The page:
sasMap: static code analysis for SAS

March 15, 2017
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(This article was first published on Mango Solutions » R Blog, and kindly contributed to R-bloggers)

Ava Yang

You may drop your weapons, this is not going to be about SAS vs R. If you work with a large amount of SAS legacy code, sasMap, an R package with a Shiny app, is for you. It evolved from our experience in migrating SAS to R, see Mark Sellor’s post about production R at ONS for an example.

Disclaimer: there’s no such thing as SAS-to-R auto translator, yet. sasMap is a map that can keep you on track by making it easy to look for a path through a wild land.

Overview


Often multiple macros are nested to construct main SAS analyses. User macros are held in sub-folders and are called in top level scripts. sasMap calculates summary statistics of SAS scripts and helps to understand macro and script dependency. The key functionalities of the package are:

  • Extract summary statistics such as procs and data steps
  • Draw a barplot of proc calls
  • Visualize static and interactive network of script dependency

And to accomplish this the package provides the following functions:

  • parseSASscript Parse a SAS script
  • parseSASfolder Parse a SAS folder
  • listProcs List frequency of various proc calls
  • drawProcs Draw frequency of various proc calls in a bar plot
  • plotSASmap Draw script dependency in static plot
  • plotSASmapJS Draw script dependency in interactive way

Demo


The package includes some dummy SAS code in the \examples\SAScode\Macros folder. The folder contains one high level script MainAnalysis.SAS and a subfolder called Macros where the user’s macros live. The main assumption is that each macro corresponds to a script of the same name. Some macros are called but don’t have a named script. For example, %summary in Util2.SAS, is not displayed in the static network representation, whereas it belongs to internal macros group in the interactive network graph.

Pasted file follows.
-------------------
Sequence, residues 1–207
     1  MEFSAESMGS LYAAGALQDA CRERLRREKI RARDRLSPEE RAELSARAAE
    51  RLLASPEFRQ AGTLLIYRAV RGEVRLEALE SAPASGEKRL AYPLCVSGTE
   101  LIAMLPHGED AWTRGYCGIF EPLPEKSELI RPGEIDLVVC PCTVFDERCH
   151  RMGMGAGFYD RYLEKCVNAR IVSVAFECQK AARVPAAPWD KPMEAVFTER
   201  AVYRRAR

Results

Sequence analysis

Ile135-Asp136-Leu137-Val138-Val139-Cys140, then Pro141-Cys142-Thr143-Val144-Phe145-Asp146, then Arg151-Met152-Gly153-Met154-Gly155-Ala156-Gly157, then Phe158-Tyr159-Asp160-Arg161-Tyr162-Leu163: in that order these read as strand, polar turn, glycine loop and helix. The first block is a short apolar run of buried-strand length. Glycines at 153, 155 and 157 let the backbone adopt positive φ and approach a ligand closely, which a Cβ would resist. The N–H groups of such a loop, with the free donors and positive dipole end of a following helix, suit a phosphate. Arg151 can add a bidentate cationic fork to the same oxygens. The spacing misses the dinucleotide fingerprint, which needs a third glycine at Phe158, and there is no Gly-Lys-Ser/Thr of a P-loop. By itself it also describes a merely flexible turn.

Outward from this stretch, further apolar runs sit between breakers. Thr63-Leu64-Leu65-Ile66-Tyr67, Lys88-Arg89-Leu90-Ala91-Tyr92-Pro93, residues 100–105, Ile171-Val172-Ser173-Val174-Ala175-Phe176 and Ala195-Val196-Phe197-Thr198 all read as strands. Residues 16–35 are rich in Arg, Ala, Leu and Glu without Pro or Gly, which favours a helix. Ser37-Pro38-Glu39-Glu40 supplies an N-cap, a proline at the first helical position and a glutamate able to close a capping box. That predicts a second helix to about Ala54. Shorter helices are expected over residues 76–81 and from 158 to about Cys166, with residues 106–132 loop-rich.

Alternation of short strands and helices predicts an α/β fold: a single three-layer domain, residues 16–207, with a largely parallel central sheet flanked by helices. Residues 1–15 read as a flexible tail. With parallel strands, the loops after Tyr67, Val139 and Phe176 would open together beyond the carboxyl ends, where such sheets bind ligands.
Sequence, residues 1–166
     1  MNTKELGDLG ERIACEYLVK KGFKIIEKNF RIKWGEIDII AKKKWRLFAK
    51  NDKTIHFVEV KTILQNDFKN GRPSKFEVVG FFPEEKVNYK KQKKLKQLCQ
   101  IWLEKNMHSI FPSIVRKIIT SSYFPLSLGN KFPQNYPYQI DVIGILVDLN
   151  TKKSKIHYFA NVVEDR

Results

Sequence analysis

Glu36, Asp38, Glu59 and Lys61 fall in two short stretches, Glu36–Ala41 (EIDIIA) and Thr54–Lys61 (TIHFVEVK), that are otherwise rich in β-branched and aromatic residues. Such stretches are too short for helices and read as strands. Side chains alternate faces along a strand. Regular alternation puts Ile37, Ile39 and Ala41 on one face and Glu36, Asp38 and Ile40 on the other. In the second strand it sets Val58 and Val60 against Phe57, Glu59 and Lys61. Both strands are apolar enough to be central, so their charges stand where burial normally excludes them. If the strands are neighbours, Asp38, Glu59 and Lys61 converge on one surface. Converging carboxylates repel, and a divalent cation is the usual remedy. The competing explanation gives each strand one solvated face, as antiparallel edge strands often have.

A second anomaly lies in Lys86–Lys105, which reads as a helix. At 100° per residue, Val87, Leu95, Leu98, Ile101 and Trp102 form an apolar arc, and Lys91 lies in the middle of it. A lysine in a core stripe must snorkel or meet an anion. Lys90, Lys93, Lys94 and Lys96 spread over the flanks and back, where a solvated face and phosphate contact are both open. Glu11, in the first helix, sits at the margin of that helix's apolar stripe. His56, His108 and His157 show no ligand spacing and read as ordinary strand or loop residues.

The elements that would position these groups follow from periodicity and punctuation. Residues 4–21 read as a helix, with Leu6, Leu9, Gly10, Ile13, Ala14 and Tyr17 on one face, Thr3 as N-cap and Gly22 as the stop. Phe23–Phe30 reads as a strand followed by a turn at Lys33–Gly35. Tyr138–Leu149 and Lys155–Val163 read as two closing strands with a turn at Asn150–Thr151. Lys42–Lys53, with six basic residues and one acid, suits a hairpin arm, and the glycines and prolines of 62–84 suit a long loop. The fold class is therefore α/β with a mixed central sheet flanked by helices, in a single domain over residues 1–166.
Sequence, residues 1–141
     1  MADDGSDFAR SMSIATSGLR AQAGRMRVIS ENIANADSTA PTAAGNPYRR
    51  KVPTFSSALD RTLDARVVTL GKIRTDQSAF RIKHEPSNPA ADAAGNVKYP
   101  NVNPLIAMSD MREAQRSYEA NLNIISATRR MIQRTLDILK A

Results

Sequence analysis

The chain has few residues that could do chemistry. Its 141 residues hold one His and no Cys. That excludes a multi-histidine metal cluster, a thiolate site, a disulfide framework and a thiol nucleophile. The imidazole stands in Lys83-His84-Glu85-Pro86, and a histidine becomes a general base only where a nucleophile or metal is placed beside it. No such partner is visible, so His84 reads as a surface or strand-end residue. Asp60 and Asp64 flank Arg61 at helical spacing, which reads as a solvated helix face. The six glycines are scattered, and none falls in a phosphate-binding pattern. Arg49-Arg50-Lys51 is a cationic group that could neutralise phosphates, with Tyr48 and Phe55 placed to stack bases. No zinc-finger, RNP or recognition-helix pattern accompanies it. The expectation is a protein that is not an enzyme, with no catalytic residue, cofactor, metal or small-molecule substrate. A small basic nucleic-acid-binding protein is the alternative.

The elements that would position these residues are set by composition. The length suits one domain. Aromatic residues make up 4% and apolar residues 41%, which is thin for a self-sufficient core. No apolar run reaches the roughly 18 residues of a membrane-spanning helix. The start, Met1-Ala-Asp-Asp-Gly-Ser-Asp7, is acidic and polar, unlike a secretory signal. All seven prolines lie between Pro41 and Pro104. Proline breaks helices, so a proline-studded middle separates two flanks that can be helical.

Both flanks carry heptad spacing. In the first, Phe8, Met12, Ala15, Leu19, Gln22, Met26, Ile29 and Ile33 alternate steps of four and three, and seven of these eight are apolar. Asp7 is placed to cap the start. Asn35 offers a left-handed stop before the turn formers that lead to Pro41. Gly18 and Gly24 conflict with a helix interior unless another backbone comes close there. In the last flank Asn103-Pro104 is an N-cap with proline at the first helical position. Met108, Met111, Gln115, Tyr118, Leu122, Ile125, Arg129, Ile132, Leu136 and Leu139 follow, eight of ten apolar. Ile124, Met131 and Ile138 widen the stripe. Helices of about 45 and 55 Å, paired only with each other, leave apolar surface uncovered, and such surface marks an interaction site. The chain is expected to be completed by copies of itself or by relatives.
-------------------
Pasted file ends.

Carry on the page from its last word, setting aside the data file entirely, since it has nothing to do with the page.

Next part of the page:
The summary statistics include measures such as number of lines (nLines), Procs, number of data step (Data_step), macro calls (Macro_call) and macro defined (Macro_define).

# Install sasMap from github
devtools::install_github("MangoTheCat/sasMap")

# Load library
library(sasMap)

# Navigate to target directory
sasDir

# Parse SAS folder
kable(parseSASfolder(sasDir))

table1

# Draw frequency of proc calls
drawProcs(sasDir)

unnamed-chunk-1-1

# Draw network of SAS scripts. A pdf file can be created by specifying the file name.
net <- renderNetwork(sasDir)
# plotSASmap(net, width=10, height=10, pdffile='sasMap.pdf') 
plotSASmap(net, width=10, height=10)

unnamed-chunk-2-1

## Alternatively, draw it interactively (not run here)
plotSASmapJS(sasDir)

Put them together


The sasMap package is accompanied by a shiny app which you can run by executing the following line of code:

library(shiny)
runApp(system.file('shiny', package='sasMap'))

Once the “I want to specify a local directory (Warning: It only works when running the shiny app from a local machine).” box is ticked, exposed is a “Choose directory” button which makes it straightforward to direct to your SAS folder (thanks to the shinyFiles package). You can also view a demo version of the app here. For demo’s purpose, the deployed version has the dummy SAS code hard-coded.

Conclusion


At Mango we have benefited greatly from this way of working with SAS code (see this blogpost for more information). If you want to know more about the sasMap package or about SAS to R migration feel free to contact us by phone (+44 (0)1249 705 450) or mail ([email protected]). The code for this post is available on github as is the code for the package.
 

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